- you are living in the UK (including Scotland) today.
- Some relatives of survivors will also be able to take part in the genetics study. However, the survivor must agree to participate first and therefore relatives who are interested in participating should first encourage that survivor to do so.
- Taking part in the genetics study is straightforward. It won’t cost you anything and it shouldn’t use up too much of your time.
- Whether or not you are taking part in the genetics study we would like you to complete the survey.
Please visit the website www.strepgene.org to find out more.
We are proud to announce the results to date of the Strep Gene Study. (PHE Imperial College London. Oxford & Cambridge University The Welcome Trust and ourselves The Lee Spark NF Foundation).
With the help of the survivors and their families who participated in the study , doctors and scientists working on the Strep Gene Study have been trying to understand why some individuals develop necrotising fasciiitis and other severe streptococcal infections
The researchers having been using a number of approaches but one that has been useful involves looking at markers on the outside cells which help the body develop immunity from infections. These markers are called HLA modules and are involved in why people develop a wide range of diseases involving the immune system such as type 1 diabetes and coeliac disease. Importantly the body’s blueprint for these HLA markers called genes differ from one individual to the other and some of these differences have been shown to increase the risk of developing certain diseases.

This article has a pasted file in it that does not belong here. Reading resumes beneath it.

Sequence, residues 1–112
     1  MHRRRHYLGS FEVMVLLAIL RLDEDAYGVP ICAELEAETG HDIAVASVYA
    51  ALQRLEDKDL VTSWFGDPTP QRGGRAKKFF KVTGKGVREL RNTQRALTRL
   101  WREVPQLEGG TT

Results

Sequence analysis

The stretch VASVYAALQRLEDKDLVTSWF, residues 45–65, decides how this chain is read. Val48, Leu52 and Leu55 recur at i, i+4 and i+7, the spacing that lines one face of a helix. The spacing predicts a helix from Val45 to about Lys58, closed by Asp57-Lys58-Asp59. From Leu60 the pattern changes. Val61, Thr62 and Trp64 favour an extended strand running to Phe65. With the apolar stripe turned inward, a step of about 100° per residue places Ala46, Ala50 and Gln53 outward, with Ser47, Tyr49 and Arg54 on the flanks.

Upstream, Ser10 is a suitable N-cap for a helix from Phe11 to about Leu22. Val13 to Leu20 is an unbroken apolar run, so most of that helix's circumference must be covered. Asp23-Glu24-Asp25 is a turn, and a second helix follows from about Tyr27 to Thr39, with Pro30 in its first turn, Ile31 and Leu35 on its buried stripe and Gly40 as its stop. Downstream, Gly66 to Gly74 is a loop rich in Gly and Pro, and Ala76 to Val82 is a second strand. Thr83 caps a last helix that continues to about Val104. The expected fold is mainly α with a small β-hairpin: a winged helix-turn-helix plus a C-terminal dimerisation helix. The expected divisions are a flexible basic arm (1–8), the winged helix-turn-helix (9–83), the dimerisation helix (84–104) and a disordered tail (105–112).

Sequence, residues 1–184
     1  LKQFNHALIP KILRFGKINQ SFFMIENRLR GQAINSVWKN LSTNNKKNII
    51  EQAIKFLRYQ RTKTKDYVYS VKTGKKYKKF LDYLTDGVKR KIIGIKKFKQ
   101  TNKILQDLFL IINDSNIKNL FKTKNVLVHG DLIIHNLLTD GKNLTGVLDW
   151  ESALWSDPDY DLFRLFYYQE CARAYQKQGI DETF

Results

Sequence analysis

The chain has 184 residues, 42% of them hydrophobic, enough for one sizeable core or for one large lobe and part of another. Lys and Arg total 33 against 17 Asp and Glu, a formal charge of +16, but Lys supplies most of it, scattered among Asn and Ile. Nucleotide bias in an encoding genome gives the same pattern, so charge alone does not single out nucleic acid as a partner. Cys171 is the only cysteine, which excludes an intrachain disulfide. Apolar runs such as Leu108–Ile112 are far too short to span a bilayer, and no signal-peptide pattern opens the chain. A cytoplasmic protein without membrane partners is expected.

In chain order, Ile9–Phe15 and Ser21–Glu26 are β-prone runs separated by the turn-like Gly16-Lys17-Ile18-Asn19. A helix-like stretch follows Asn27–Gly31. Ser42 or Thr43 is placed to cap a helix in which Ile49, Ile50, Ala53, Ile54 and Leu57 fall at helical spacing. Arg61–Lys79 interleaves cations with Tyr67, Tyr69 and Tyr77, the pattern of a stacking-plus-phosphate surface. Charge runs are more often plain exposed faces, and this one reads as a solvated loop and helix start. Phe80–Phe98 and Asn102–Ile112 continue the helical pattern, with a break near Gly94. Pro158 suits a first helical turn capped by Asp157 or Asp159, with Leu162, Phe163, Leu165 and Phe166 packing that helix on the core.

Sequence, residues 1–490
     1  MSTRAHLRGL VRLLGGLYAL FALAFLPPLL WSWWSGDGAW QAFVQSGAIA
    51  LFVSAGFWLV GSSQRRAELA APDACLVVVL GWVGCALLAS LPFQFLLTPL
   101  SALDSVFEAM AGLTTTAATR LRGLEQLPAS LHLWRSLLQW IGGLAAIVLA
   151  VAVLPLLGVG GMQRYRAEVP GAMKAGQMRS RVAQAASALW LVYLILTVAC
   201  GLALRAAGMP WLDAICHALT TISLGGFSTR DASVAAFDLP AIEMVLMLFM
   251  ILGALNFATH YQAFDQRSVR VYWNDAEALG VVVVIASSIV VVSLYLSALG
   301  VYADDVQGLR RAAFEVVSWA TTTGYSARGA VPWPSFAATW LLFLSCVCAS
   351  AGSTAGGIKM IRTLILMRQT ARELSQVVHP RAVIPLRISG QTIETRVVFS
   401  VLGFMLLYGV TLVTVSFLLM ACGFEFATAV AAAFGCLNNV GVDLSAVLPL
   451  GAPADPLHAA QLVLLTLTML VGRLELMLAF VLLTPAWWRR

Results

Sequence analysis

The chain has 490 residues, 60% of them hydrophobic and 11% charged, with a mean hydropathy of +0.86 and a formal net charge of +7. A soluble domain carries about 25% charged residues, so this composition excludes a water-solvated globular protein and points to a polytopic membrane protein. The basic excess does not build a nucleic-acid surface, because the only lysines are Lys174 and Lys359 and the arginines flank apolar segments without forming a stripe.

Following up on research done over a decade ago, the Strep Gene reseachers have now found that a particular difference in one of these HLA markers called HLA-DQA1 occurs twice as often in patients who have suffered life-threatening group A streptococcal infection compared to the general population. To make sure this result was not a chance observation they repeated their analysis in several different ways and found the same thing. Importantly, the HLA-DQA1 marker is known to interact with particular toxins produced by the strep bacteria and so the researchers suggest that those individuals with the HLA-DQA1 difference do not develop immunity in the same way as everybody else which makes them more vulnerable to life-threatening infections. Further research will be needed to test this theory, but it could provide important information about why some individuals develop strep infections and how to prevent through vaccines.
The Strep Gene team have now released their findings to the wider scientific community and will present and get feedback on the results at the European Society of Clinical Microbiology and Infectious Diseases later this year (2019) which will help guide the next steps. The researchers remain extremely grateful to The Lee Spark NF Foundation and especially to the survivors and their families who participated in the study without them whom the study would not have been possible
Please visit the website www.strepgene.org to find out more.